Home > Journals > Chirurgia > Past Issues > Chirurgia 2019 August;32(4) > Chirurgia 2019 August;32(4):160-5



Publishing options
To subscribe
Submit an article
Recommend to your librarian


Publication history
Cite this article as



Chirurgia 2019 August;32(4):160-5

DOI: 10.23736/S0394-9508.18.04831-3


language: English

Salmonella aortitis: a single center’s experience

Jiri MOLACEK 1, 2 , Vladislav TRESKA 1, 2, Vaclav OPATRNY 1, Karel HOUDEK 1, Bohuslav CERTIK 1, Richard SULC 1, Jan BAXA 3

1 Department of Vascular Surgery, Plzen University Hospital, Plzen, Czech Republic; 2 Faculty of Medicine, Charles University, Plzen, Czech Republic; 3 Department of Imaging, Plzen University Hospital, Plzen, Czech Republic

BACKGROUND: Under normal circumstances, the aorta is very resistant to infections, but in some specific situations, even the aorta can be affected by infectious inflammation. Salmonella is responsible for about one-third of all cases of infectious aortitis.
METHODS: The authors retrospectively evaluated the group of patients from 2012 to 2016. During this period, 10 patients with Salmonella infection of the abdominal aorta were treated in our institution. The mean duration of the follow-up period was 3.5±0.5 years.
RESULTS: The mean age in the presented population was 74 years (range 58-90 years). The population included 6 men and 4 women. The patients were referred to our center with the following symptoms: perforation of non-dilated aorta (N.=4), acute symptomatic aortitis (N.=2), symptomatic abdominal aortic aneurysm (N.=2), abdominal aortic aneurysm rupture (N.=2). Salmonella enteritidis was detected by culture in 8 cases (80%), and Salmonella species in 2 cases (20%). Surgical treatment, subrenal aortic resection, extensive debridement and in situ revascularization (6 silver grafts, 1 antibiotic-bonded graft, 1 arterial “fresh” allograft) were selected in 8 patients (80%). In one case (10%), we selected endovascular treatment (stent graft insertion and antibiotic treatment) in a patient with a pseudoaneurysm resulting from aortic perforation, and in one case (10%) we decided for conservative therapy alone. The 30-day mortality was zero, one polymorbid patient died on day 42 from multiple organ failure (MOF) after resection for perforated aortitis. The morbidity was 40%. During the follow-up, we registered one vascular graft infection.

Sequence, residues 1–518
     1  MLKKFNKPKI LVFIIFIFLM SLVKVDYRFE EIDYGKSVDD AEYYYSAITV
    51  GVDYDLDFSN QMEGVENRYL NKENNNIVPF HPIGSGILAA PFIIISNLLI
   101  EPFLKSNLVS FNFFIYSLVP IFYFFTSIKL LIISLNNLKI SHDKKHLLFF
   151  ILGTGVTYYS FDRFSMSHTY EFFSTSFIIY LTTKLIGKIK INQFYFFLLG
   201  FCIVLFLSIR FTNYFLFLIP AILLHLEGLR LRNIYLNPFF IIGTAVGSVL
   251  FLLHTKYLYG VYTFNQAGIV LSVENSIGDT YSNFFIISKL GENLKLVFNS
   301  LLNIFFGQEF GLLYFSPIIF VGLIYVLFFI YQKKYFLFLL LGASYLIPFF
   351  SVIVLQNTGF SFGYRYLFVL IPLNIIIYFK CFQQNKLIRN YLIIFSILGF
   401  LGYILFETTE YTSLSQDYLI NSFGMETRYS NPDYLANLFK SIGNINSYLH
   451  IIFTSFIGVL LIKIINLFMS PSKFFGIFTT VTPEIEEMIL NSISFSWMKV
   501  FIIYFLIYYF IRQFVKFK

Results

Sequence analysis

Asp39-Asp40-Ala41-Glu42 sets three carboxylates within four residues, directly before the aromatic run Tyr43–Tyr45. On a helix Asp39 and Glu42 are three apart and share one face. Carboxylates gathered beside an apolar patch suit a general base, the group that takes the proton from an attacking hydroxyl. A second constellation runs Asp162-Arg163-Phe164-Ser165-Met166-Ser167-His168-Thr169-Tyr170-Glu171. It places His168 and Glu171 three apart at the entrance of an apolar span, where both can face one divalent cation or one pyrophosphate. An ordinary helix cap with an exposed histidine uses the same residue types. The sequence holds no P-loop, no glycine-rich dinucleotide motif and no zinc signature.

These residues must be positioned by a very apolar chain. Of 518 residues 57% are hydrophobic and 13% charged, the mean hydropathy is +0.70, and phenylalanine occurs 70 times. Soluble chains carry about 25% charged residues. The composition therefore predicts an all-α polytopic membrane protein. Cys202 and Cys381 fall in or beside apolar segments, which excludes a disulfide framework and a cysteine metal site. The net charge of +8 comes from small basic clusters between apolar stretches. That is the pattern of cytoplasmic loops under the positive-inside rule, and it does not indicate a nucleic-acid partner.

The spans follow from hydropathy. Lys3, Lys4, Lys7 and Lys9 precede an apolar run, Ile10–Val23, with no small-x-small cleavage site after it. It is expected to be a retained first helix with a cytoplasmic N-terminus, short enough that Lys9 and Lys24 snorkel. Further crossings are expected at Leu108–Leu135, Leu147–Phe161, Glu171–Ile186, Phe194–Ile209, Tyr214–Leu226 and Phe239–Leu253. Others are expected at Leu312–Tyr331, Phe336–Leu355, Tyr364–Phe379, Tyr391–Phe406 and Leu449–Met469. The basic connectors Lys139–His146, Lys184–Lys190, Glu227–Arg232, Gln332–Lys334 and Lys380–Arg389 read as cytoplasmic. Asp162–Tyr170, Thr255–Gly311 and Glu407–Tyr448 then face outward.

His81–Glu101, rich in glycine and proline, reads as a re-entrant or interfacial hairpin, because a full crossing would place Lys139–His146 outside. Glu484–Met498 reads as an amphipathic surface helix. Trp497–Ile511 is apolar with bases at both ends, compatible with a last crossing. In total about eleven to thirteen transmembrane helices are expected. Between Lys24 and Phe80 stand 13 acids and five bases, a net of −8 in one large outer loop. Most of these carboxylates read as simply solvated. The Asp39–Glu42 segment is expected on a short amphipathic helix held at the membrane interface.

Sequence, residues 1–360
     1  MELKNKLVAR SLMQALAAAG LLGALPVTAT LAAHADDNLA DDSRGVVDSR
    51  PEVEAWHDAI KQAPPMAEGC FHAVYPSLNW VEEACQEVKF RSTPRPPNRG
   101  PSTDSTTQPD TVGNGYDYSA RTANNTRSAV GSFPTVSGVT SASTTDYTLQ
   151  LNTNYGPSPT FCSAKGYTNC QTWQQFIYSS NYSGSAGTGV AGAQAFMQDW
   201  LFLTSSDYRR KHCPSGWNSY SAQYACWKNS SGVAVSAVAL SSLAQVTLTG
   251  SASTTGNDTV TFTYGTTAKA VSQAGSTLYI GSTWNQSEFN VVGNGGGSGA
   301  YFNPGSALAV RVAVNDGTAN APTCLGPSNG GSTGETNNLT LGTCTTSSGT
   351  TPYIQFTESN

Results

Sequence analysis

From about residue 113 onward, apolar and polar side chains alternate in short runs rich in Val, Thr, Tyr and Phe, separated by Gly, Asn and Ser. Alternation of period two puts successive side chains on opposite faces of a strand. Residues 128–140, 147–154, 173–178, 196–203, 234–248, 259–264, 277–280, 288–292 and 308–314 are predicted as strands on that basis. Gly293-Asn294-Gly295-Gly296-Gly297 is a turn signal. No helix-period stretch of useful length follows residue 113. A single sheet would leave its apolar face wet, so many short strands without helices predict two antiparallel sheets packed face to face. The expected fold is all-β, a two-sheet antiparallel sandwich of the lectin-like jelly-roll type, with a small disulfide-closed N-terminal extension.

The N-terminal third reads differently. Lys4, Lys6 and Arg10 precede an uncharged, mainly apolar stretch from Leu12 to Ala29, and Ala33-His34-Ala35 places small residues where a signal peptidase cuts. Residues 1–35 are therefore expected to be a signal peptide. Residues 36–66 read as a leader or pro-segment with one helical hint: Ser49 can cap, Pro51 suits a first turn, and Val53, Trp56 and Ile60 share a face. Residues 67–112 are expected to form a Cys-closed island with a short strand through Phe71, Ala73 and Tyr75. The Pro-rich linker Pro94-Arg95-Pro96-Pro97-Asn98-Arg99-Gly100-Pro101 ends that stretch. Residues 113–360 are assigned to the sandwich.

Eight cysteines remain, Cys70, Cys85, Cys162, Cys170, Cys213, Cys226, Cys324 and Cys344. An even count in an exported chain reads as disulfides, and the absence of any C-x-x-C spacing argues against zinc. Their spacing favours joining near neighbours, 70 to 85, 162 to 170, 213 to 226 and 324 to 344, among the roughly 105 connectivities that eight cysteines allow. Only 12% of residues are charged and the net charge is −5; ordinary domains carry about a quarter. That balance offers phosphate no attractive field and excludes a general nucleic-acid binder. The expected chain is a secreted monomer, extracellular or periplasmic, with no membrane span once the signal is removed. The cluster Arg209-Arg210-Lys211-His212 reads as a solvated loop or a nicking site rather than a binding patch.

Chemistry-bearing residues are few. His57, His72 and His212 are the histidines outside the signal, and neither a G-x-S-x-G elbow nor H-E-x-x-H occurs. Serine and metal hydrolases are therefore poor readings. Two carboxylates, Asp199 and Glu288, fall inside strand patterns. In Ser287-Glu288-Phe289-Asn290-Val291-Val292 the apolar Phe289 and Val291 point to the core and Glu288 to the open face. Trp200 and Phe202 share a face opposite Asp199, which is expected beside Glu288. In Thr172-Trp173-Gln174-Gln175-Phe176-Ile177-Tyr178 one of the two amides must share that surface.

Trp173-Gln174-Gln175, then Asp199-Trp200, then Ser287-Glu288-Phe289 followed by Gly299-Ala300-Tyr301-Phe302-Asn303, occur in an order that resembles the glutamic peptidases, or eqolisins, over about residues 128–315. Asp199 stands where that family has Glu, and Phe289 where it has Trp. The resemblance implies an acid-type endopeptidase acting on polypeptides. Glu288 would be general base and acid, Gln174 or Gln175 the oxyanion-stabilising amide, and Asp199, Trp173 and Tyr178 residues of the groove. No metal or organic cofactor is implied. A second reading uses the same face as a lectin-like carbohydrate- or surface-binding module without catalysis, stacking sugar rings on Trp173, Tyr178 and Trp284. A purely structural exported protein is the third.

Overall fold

CONCLUSIONS: Our experience shows that acute Salmonella aortitis is not a rare finding, and it is necessary to consider this a serious diagnosis, in particular in elderly, compromised and immunodeficient individuals.

KEY WORDS: Salmonella enterica - Aneurysm - Endovascular procedures

top of page